[Crossref] [PubMed]

Z. X. Li, L. H. Zhao, W. Tan, W. G. Ma, G. Zhao, X. F. Fu, L. Dong, L. Zhang, W. B. Yin, and S. T. Jia, “Investigation and cancellation of residual amplitude modulation in fiber electro-optic modulator based frequency modulation gas sensing technique,” Sens. Actuators B 196, 23–30 (2014).
[Crossref]

W. G. Ma, Z. X. Li, W. Tan, G. Zhao, X. F. Fu, L. Zhang, L. Dong, W. B. Yin, and S. T. Jia, “Servo control of high degree of linear polarization output from polarization-maintaining fiber and its applicaiton in fiber-component based frequency modulation spectroscopy,” Appl. Phys. Express 6, 112501 (2013).
[Crossref]

Lin, H. H.

J. H. Ge, Z. Chen, Y. F. Chen, C. Y. Chen, Y. F. Zhai, J. Zhang, Z. Sui, H. H. Lin, J. J. Wang, and Q. H. Deng, “>Optimized design of parameters for wedge-crystal depolarizer,” Mech. Aerosp. Eng. 110–116, 3351–3357 (2012).

Liu, F.

L. F. Li, F. Liu, C. Wang, and L. S. Chen, “Measurement and control of residual amplitude modulation in optical phase modulation,” Rev. Sci. Instrum. 83, 043111 (2012).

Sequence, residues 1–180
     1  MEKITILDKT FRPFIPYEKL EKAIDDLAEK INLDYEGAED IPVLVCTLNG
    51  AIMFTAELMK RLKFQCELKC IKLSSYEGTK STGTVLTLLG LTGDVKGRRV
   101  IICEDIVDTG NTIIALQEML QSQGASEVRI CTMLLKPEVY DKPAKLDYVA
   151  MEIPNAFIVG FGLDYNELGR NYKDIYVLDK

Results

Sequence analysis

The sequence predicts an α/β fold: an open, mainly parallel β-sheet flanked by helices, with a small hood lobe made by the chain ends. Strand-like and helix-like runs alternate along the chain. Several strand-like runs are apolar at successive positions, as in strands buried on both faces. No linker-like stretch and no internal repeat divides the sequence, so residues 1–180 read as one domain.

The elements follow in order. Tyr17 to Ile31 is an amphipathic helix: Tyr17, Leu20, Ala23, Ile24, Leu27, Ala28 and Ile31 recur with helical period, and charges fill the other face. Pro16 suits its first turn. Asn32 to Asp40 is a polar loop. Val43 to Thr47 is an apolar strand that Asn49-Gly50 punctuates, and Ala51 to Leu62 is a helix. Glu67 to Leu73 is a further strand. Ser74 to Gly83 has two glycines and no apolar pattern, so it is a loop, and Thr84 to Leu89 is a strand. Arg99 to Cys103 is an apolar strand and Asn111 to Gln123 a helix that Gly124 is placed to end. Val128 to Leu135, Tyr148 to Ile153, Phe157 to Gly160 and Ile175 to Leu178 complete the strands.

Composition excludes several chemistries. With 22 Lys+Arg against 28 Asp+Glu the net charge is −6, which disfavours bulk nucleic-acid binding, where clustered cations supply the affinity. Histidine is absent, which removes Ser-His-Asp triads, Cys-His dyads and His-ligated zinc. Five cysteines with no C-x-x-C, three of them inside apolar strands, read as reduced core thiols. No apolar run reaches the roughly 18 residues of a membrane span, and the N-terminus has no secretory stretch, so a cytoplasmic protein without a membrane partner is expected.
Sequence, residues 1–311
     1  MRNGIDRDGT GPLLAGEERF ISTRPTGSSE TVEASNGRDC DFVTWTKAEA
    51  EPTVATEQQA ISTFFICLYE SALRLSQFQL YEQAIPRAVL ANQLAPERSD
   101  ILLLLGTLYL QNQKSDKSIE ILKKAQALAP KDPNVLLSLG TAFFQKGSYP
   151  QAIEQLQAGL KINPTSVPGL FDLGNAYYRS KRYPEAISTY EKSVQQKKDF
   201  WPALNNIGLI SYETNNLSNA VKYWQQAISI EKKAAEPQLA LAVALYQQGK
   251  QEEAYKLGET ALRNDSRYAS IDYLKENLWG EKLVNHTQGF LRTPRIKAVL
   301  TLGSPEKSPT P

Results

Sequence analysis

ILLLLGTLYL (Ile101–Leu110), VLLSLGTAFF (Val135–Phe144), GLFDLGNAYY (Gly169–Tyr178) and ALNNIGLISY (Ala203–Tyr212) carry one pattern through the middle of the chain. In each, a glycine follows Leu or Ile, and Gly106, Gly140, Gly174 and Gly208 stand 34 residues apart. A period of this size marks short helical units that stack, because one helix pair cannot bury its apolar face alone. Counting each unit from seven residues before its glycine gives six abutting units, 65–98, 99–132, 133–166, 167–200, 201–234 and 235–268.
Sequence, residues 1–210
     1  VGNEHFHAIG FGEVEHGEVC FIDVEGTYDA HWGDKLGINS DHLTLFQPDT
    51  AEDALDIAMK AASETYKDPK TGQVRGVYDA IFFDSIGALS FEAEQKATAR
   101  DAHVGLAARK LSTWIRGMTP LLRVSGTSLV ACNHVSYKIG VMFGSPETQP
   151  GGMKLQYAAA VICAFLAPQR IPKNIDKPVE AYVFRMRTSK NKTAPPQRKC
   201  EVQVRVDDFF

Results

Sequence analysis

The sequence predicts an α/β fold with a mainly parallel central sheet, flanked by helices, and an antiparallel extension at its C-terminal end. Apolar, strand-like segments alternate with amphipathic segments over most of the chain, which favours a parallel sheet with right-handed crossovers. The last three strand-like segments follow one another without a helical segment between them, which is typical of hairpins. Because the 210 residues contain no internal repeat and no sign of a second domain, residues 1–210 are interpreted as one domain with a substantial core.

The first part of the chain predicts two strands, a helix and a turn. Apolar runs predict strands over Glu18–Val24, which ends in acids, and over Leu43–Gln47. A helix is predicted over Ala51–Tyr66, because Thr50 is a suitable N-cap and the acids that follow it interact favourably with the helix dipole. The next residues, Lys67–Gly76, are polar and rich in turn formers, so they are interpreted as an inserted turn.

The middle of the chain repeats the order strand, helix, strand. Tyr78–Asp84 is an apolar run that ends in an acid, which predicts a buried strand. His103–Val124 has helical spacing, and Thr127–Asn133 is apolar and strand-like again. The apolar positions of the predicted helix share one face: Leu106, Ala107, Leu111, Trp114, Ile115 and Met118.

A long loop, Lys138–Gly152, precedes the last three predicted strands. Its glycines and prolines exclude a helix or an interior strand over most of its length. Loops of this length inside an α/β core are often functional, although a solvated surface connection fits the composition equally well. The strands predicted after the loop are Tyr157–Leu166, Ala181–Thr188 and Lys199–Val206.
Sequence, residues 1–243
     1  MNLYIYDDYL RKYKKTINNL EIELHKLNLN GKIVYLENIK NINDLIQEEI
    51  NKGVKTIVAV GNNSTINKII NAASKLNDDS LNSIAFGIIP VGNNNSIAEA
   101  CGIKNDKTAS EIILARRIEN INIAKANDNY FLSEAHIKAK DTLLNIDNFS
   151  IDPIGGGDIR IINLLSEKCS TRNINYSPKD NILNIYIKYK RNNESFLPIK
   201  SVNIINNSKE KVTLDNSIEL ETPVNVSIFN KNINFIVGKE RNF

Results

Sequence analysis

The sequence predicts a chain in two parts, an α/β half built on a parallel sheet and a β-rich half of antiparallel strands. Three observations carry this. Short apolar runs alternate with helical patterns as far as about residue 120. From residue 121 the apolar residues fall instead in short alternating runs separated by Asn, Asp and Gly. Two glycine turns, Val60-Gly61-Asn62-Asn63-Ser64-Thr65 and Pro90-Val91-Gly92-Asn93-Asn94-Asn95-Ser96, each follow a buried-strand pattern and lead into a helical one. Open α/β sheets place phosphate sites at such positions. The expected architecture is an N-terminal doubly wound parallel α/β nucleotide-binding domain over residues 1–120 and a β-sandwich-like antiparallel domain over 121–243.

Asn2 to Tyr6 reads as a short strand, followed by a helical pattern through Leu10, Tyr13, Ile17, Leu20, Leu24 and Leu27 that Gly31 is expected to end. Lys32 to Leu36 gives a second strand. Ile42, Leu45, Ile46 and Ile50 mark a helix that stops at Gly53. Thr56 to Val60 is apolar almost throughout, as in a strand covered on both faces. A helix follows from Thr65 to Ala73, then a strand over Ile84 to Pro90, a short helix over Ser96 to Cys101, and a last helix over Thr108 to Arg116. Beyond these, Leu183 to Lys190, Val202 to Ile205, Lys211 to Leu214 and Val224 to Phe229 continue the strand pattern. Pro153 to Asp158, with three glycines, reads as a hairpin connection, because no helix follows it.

[Crossref] [PubMed]

Lopez, O.

F. Du Burck, O. Lopez, and A. El Basri, “Narrow-band correction of the residual amplitude modulation in frequency-modulation spectroscopy,” IEEE Trans. Instrum. Meas. 52, 288–291 (2003).
[Crossref]

Lu, H. D.

Lucianetti, A.

K. L. Dooley, M. A. Arain, D. Feldbaum, V. V. Frolov, M. Heintze, D. Hoak, E. A. Khazanov, A. Lucianetti, R. M. Martin, G. Mueller, O. Palashov, V. Quetschke, D. H. Reitze, R. L. Savage, D. B. Tanner, L. F. Williams, and W. Wu, “Thermal effects in the input optics of the enhanced laser interferometer gravitational-wave observatory interferometers,” Rev. Sci. Instrum. 83, 033109 (2012).
[Crossref] [PubMed]

Lv, S. S.

L. F. Li, H. Shen, J. Bi, C. Wang, S. S. Lv, and L. S. Chen, “Analysis of frequency noise in ultra-stable optical oscillators with active control of residual amplitude modulation,” Appl. Phys. B 117,1025 (2014).
[Crossref]

Ma, W. G.

W. H. Yang, S. P. Shi, Y. J. Wang, W. G. Ma, Y. H. Zheng, and K. C. Peng, “Detection of stably bright squeezed light with the quantum noise reduction of 12.6 dB by mutually compensating the phase fluctuations,” Opt. Lett. 42, 4553–4556 (2017).